Trinity sixth grade students dressed in confederate and union soldier uniforms pose for a group picture during Trinity's annual American Civil War Living History Museum on Friday, Feb. 24, 2017. Katharine Lotze/The Signal
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Trinity Classical Academy’s Celebration Center was transformed into a scene from the 1860s Friday, with generals, spies, abolitionists, soldiers and nurses sharing stories about their experiences during the Civil War.

The annual American Civil War Living History Museum was the culmination of three months of learning and preparation by the school’s 6th grade students.

“We look at the major players of the Civil War and the areas that are really well-known,” said Kaeli Massetto, a 6th grade history teacher at Trinity Classical Academy.  “We use those players and the students choose their characters.”

Six grade students at Trinity Classical Academy sit on steps in front of Civil War reenactors during the school’s annual American Civil War Living History Musuem on Friday, Feb. 24, 2017. Katharine Lotze/The Signal

Students spent time in class and at home researching their characters, arranging speeches, creating educational posters and finding authentic Civil War outfits in preparation for the Living History Museum.

“They got to take ownership of their characters and create and memorize speeches based on four questions,” Massetto said.

During the afternoon, students acted as their historical figure, answering questions about their characters, explaining their involvement in the Civil War and discussing their legacy in the country.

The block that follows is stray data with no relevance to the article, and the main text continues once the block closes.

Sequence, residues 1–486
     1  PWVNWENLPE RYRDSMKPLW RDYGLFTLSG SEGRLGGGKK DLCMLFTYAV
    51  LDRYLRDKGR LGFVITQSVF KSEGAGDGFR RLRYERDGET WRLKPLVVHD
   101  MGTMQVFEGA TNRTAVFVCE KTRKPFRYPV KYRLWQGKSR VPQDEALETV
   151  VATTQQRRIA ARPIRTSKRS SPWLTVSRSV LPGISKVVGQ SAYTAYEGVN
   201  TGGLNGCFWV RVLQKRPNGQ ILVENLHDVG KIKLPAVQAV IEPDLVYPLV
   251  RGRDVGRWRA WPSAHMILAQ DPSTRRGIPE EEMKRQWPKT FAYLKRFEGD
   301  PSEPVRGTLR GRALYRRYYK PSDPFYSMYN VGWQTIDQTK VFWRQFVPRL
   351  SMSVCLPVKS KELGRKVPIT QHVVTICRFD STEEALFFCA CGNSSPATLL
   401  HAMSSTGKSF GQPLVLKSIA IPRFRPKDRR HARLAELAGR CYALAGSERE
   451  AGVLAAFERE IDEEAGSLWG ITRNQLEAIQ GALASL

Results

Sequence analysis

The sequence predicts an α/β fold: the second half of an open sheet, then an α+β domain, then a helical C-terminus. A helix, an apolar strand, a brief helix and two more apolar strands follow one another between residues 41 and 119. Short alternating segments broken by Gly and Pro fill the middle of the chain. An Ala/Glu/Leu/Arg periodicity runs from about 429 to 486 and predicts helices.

Mario Bethke, 12, a Trinity sixth grade student, relays facts about the life of Frederick Douglas during the school’s annual American Civil War Living History Museum on Friday, Feb. 24, 2017. Katharine Lotze/The Signal

Teagan Heinze, 12, said she enjoyed learning about the history, both good and bad, of the Civil War.  She chose to study President Abraham Lincoln because she respected his defense of civil rights.

“I just like that he was from the North because I think that slavery wasn’t right because everyone is created equal and should have equal rights,” Heinze said.

Maggie West, 11, chose to research Clara Barton because she already read a book about the independent nurse and wanted to study her life in-depth.

“She inspires me because I want to find the cure for cancer when I grow up,” she said.

The American Civil War Living History Museum also included presentations from five authentic Civil War reenactors who portrayed their lives as soldiers from both the Union and the Confederacy.

Trinity students listen to Civil War reenactors talk about their roles in the Civil War during the school’s annual American Civil War Living History Museum on Friday, Feb. 24, 2017. Katharine Lotze/The Signal

At the end of the students’ presentations, the Civil War reenactors fired their Black Powder Guns for the sixth graders.

As a history teacher, Massetto said she hopes her students learn not only about the facts of the Civil War, but also about its impact on the country.

“I hope they learn a lot about what the Civil War was about and the impact it had and the people that were involved in it,” she said.  “They got to see how much was put into that war and that it was a tragic war… but they can see all the good that came out of it too.”

ccox@signalscv.com
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On Twitter as @_ChristinaCox_

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Christina Cox
Christina Cox is a multimedia journalist covering education, community and breaking news in the Santa Clarita Valley. She joined The Signal as a staff writer in August 2016.
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